• It then became one of the first railways in Britain entirely operated by internal combustion locomotives (mostly Motor Rail / Simplex locos).
      • After WWII, most of the sand traffic was handled by road vehicles and so the railway declined. It closed to commercial traffic in 1969.
      • It was immediately taken over by a Preservation Group which had started running trains along the tracks in 1968
      • The present terminus, Page's Park, was where sand trains waited in sidings before crossing the road to the washers and transhipment sidings for the mainline railway
      • The route now passes through housing estates which were built in the 1970s before striking out into open country, passing some of the now disused sand quarries on the way
      • The line terminates at Stonehenge Works where the line's workshops are based. Beside the station is the brickworks after which the station takes its name
      • The railway houses one of the largest collections of narrow gauge locomotives in the country - and recently ran a train headed by sixteen of their internal-combustion powered locomotives.



      My Impressions

      Having never been to Leighton Buzzard before, I was pleasantly surprised by the location of the main terminus for the railway, being situated at the edge of a park. The first thing I noticed was the impressive, recently opened main building - very grand for a preservation railway.

      After buying my ticket and browsing through the secondhand railway books, I made my way to the platform for the first train of the day.

      Our locomotive was one of the line's O&K 0-6-0WT locos, Elf. She was being made ready before departure.

       I boarded one of the open-sided bogie coaches and before long we were chugging along the line. After skirting Page's Park ......

      ..... we very soon started making our way through various housing estates, which must make this railway fairly unique in the UK. We then crossed one of the many level crossings on the route - Stanbridge Road.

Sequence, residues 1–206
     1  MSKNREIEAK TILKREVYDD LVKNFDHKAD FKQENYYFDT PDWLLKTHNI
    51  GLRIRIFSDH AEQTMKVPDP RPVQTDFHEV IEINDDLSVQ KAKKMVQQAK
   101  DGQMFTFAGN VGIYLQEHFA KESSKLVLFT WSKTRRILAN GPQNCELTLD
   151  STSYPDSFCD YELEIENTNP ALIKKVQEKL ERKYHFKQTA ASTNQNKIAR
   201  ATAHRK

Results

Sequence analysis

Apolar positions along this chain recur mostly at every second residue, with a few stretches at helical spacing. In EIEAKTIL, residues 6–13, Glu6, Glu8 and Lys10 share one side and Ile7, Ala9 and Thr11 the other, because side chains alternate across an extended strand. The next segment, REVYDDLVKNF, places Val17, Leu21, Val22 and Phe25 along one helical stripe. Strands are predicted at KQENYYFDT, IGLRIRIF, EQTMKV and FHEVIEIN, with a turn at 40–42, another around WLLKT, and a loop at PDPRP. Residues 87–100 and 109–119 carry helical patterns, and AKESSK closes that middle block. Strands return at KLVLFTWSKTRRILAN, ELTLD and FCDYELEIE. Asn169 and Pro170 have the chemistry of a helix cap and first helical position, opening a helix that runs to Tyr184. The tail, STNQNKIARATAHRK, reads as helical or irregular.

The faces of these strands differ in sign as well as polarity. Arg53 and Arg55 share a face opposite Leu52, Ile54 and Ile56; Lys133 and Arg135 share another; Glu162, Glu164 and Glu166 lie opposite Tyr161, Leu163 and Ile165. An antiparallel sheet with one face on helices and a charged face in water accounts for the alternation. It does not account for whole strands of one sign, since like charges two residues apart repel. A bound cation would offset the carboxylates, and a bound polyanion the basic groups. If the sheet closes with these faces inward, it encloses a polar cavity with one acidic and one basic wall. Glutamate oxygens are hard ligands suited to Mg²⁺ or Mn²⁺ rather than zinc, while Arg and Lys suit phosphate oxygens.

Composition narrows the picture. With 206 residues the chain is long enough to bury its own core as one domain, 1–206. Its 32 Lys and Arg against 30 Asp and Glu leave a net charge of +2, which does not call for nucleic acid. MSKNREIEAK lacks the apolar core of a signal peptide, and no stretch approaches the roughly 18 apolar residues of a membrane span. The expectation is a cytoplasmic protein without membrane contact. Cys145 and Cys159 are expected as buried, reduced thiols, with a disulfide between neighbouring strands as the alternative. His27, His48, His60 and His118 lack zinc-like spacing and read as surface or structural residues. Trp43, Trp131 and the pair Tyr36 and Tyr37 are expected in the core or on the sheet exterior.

At  Leedon Loop, the driver exchanged tokens .......

      ....... before we once more passed through housing estates and level crossings.

      On reaching the edge of the town we passed over Vandyke Road.....

      .... after which the line took an abrupt right turn. While pausing for the guards to reboard the train we could admire the recently landscaped wild flower meadow .....

      ..... before running alongside Vandyke Road and out into the countryside.

      After a mile or so we reached the Redland Brickworks ......

      .... before rolling into the line's terminus - Stonehenge Works.

      Here there were opportunities to view some of the exhibits and browse the exhibition showing the history of the railway and its connection to the World War I Light Railways.

       After watching the loco take on water .....

      and run round its train ....

      ..... I boarded once more for departure.

      Passing the wildflower meadow once more, we re-entered the outskirts of the town .......

      ...... passed the spur showing one of the branches to a former sand quarry .......

      ...... before passing Beaudesert (an Alan Keef diesel) on a Down train at Leedon Loop.

      We ultimately steamed back into Page's Park station to terminate our journey.

      After watching Elf run round her train ......

      ..... receive some ongoing maintenance ....

       ..... before departing once more, .....

      ..... I partook of an excellent lunch of omelet and chips in the cafe and then wandered around the engine sheds where Chaloner (a de Winton vertical boilered loco) was on show .....

      ...... together with some of the line's other locos - another O&K 0-6-0 and a Baldwin tank.

       After another visit to the bookshop, I was able to watch the departure of Beaudesert, before hitting the road back to Cheshire.

      This is a remarkable little railway with an interesting history. I would like to revisit when it holds one of its galas to view some of the line's Simplex locos 'in steam'. Presumably, in a couple of years' time, when it reaches its 50th anniversary, there will be a special event or two. Well worth a return visit.